Keeping it Clean: Regulation of Hand Sanitisers as Cosmetics or Therapeutic Goods
The COVID-19 pandemic has seen a marked increase in the production of hand sanitisers. Depending on the composition, intended use and any claims made in relation to their use, hand sanitisers may be regulated as therapeutic goods that must be approved by the TGA before they can be supplied or are excluded from TGA regulation and do not require approval when they meet specific requirements or are cosmetics.
Hand Sanitisers and Antibacterial skin preparations as cosmetics
A cosmetic is a substance that is designed to be used on any external part of the human body (or inside the mouth) to change its odours, change its appearance, cleanse it, keep it in good condition, perfume it or protect it.
The Therapeutic Goods (Excluded Goods) Determination 2018 has a comprehensive list of when antibacterial skin preparations cross over the therapeutic boundary. Schedule 2 of the Determination provides details of where antibacterial skin preparations are considered excluded goods.
Hand sanitisers or antibacterial skin preparations are excluded therapeutic goods and are therefore not regulated by the TGA when:
- used for personal or domestic use only, and not in a health care setting;
- claims are limited to low-level activity against bacteria or germs (for example, kills 99.9% of germs);
- no claims are made against viruses, fungi or named bacteria; and
- they do not contain a substance that is included in Schedules 2, 3, 4 or 8 of the Poisons Standard.
These products are regulated as General Consumer Products (cosmetics). The Australian Industrial Chemicals Introduction Scheme (AICIS) regulate the ingredients in cosmetics and the Australian Competition and Consumer Commission (ACCC) regulates the labelling.
Hand sanitisers as Therapeutic Goods
Antibacterial hand hygiene products such as hand sanitisers, hand washes and hand rubs that claim to kill specific organisms (e.g. E.coli or viruses) or that are to be used in clinics or hospitals are regulated as registered non-prescription medicines, also called Over-The-Counter (OTC) medicines. This level of regulation is applied because the quality and performance of these products in a clinical setting is more critical compared to domestic use.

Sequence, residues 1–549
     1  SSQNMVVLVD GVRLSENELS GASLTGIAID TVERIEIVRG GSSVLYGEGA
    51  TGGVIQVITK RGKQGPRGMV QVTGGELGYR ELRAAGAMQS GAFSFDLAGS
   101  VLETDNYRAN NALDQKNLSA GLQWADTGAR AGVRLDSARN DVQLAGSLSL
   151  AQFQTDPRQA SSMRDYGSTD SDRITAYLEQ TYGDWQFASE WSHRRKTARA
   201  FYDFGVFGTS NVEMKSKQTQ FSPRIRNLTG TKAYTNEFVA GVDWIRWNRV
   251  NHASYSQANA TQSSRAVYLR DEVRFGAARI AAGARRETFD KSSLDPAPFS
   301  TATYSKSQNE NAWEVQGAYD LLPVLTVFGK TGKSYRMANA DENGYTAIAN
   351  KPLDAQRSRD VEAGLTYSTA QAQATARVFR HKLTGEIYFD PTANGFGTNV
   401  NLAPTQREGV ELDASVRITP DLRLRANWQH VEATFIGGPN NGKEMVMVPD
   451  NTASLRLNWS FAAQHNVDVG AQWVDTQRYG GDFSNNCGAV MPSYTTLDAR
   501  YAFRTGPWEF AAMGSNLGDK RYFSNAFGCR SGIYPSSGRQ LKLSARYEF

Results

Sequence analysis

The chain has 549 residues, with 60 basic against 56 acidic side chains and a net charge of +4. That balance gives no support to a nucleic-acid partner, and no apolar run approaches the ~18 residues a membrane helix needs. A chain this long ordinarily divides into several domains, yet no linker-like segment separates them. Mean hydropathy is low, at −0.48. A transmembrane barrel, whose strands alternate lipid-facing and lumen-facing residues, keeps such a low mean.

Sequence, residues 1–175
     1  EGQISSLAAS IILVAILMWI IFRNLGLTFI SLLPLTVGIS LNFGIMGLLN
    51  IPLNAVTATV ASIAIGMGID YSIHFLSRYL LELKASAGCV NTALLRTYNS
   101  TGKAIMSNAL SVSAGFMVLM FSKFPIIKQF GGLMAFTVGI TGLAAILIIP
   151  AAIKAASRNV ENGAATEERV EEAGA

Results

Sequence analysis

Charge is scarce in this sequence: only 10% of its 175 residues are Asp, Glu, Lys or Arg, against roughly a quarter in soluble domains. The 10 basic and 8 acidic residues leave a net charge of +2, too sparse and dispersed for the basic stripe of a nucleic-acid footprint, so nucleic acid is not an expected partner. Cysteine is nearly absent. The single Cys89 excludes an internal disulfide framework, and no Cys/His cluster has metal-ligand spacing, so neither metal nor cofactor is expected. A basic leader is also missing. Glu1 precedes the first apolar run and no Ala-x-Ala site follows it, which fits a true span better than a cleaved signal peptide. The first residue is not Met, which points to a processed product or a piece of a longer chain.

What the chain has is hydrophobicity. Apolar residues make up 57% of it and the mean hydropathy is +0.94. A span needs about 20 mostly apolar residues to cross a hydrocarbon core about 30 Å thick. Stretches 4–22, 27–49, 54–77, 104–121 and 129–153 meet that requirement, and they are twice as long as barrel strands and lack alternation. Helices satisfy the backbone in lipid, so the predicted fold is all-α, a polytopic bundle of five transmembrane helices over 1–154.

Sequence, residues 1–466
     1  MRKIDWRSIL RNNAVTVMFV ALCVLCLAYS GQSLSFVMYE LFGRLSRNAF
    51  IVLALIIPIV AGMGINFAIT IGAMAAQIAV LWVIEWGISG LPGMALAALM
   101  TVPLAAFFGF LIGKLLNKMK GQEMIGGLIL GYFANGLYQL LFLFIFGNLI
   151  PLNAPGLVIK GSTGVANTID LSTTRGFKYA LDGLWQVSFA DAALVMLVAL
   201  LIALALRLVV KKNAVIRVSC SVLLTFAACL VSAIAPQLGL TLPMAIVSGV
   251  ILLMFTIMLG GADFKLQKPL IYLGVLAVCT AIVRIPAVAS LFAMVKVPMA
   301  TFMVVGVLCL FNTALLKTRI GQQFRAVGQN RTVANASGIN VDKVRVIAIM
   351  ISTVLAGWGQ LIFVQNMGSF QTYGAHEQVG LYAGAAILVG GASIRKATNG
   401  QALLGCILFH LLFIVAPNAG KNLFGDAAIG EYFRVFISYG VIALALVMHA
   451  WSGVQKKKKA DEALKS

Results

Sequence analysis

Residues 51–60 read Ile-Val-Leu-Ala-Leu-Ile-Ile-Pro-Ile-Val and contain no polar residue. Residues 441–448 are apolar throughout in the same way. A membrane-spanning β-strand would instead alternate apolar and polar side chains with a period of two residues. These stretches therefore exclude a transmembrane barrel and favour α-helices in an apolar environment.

Hand sanitisers that are therapeutic goods must be manufactured by TGA-licensed manufacturers in accordance with the principles of Good Manufacturing Practice (GMP) and must be included in the Australian Register of Therapeutic Goods (ARTG) before being imported into, supplied in, or exported from Australia. For a product to be included in the ARTG, a sponsor must submit an application to the TGA, together with relevant supporting data. The sponsor of a therapeutic good included in the ARTG must be an Australian resident and/or carrying on business in Australia.
Goods Excluded from Regulation due to COVID-19
On 28 March 2020, the TGA moved to create an additional exemption pathway to accelerate the availability of hand sanitisers during the COVID-19 pandemic. Products manufactured with specific formulations (using ethanol 80% v/v or isopropyl alcohol 75% v/v as the active ingredients) can be excluded from TGA regulation if they comply with a series of specific criteria. These criteria include requirements regarding formulation, labelling, claims, manufacturing, and record keeping. The specified formulations are based on advice by the World Health Organization and the US Food and Drug Administration.
Under the Therapeutic Goods (Excluded Goods-Hand Sanitisers) Determination 2020, hand sanitiser products that meet the requirements are not subject to therapeutic goods legislation and do not need to be included in the ARTG. Provided the hand sanitiser exactly meets the requirements of the determination it is permitted for use in both health care settings and for personal consumer use. These products will, however, continue to be regulated as consumer goods under Australian Consumer Law.
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